Reading audio books for the blind
We Asked, You Answered: Is Listening to Audiobooks Reading? - Goodreads News & Interviews
Blindspot Hidden Biases of Good People Audiobook by Mahzarin R Banaji, Anthony G Greenwald
Audiobooks and newspapers
Historically, people who are blind or visually impaired have relied on braille translations or taped audio versions of everything from best-selling novels to textbooks to magazines. As big supporters of braille literacy, we believe utilizing this format of reading is incredibly valuable to people who are blind or visually impaired. We are also big believers in utilizing assistive technology that makes everyday tasks more convenient for those in the community. There are many services available for people that make reading, in its many forms, possible. ABLE also offers a wide variety of high quality audio, digital and braille materials for anyone in need. On this website, one flat fee gets you access to as many audio books as you want.
Those with AMD can continue reading with the help of improved lighting, large print books and reading magnifiers. But as one's macular degeneration progresses reading becomes more difficult. Another option for you is to listen to your books. Find a comfortable chair, put your feet up and listen to a new best seller or an old classic. Discount and free audiobooks are available from several sources.
While the resources discussed in special text collections will doubtless provide you with a lifetime of reading, it is also possible to obtain mainstream recorded and audio books. In this section we will describe several ways to obtain books that have been recorded for loan or purchase by all readers, regardless of vision status. Over 30 years ago, Books on Tape began producing recorded versions of best sellers and other books and making cassette versions available to the general public either through purchase or rental. Books on Tape no longer makes their titles available to the general public; they now focus on providing books to schools and libraries. These days nearly every bookstore and library features a special section devoted to recorded books. You can also rent and purchase recorded books online at sites such as Audio Editions and BooksFree. Most recordings are produced by the book publishers, and are read by actors or the author him- or herself.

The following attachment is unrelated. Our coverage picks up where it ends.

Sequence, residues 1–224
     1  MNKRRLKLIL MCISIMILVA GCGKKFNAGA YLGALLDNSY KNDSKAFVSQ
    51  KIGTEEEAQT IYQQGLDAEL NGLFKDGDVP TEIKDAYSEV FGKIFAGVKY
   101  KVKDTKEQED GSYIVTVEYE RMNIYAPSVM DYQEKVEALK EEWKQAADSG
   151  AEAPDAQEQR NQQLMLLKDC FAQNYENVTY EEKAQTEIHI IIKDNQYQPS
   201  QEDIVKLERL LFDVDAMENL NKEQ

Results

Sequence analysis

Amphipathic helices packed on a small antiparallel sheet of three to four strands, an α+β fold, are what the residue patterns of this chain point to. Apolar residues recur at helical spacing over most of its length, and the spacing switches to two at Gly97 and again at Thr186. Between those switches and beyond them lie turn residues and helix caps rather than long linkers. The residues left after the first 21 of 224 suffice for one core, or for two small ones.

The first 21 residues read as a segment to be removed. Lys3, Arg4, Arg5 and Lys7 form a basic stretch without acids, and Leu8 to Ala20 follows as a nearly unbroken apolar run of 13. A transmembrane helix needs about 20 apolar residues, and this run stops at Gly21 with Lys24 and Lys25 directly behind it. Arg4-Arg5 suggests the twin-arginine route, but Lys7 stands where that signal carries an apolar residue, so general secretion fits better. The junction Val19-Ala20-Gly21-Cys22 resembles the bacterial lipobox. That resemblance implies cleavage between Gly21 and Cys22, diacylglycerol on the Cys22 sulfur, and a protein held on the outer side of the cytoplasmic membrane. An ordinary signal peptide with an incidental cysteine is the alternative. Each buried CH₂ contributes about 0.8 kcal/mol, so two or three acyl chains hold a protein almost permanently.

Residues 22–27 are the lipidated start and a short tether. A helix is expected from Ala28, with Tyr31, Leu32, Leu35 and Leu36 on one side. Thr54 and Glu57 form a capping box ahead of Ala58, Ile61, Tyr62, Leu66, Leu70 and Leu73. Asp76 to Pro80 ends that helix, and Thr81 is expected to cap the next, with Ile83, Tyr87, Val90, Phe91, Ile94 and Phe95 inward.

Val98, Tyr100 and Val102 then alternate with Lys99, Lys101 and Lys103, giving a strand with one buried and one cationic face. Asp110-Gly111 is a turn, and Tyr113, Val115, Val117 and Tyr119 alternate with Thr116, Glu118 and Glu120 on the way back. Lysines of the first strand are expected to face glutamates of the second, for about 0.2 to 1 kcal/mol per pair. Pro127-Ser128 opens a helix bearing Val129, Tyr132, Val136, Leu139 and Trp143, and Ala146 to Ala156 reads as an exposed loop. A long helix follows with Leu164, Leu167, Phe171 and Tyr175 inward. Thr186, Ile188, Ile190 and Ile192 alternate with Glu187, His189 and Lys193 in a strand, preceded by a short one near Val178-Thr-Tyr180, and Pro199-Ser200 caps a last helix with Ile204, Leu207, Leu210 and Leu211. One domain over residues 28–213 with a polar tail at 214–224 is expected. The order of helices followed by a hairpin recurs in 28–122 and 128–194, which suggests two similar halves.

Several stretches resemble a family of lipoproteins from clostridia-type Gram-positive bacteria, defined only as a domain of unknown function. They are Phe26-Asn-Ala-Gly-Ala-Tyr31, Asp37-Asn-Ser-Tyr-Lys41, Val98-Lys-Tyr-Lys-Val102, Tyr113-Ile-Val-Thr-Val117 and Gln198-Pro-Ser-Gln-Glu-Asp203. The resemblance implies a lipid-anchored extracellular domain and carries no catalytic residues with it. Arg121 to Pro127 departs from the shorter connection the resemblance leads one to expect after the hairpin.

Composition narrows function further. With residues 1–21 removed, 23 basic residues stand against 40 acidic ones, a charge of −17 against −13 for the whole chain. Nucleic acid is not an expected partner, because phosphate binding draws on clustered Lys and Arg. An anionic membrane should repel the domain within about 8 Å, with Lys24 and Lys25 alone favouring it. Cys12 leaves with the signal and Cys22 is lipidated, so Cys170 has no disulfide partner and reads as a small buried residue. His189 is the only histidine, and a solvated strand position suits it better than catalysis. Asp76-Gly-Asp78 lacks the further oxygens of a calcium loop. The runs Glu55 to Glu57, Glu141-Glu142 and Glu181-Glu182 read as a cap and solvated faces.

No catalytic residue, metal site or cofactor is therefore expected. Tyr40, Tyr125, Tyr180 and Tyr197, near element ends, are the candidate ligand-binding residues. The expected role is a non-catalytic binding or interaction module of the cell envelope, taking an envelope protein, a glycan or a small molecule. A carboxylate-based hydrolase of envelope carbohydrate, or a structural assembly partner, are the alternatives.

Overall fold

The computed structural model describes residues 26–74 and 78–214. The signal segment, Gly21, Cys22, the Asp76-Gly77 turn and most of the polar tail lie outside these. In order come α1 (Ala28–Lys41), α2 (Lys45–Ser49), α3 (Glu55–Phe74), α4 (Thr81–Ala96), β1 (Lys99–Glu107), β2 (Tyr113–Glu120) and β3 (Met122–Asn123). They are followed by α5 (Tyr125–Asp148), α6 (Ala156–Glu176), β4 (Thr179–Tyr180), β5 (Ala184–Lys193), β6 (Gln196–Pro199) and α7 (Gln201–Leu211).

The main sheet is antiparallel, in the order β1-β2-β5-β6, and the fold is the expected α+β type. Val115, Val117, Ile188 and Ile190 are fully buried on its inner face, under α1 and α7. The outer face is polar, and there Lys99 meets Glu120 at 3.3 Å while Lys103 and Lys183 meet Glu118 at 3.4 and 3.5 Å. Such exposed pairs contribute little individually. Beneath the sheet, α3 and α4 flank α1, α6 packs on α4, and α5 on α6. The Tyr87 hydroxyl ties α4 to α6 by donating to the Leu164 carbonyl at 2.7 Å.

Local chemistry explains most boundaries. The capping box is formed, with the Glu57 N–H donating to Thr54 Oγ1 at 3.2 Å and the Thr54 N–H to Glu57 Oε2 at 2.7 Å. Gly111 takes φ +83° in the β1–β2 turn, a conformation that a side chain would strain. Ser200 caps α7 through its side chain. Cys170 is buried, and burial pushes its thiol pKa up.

Not many people realize that the earliest phonograph records were created specifically to provide spoken recordings for people who could not read because they were blind. Recorded music came later, but recording the written word for use by people with vision loss continues today. Audio books and a new generation of listening devices are helpful for readers with limited vision and are an increasingly popular reading option for sighted audiences as well. Almost any popular novel or nonfiction book, general interest and trade magazines, and newspapers are now available in a variety of accessible audio formats. Launched in and sponsored by the Library of Congress, the National Library Service for the Blind and Physically Handicapped NLS is a national network of cooperating libraries that distribute recorded books to people with vision loss.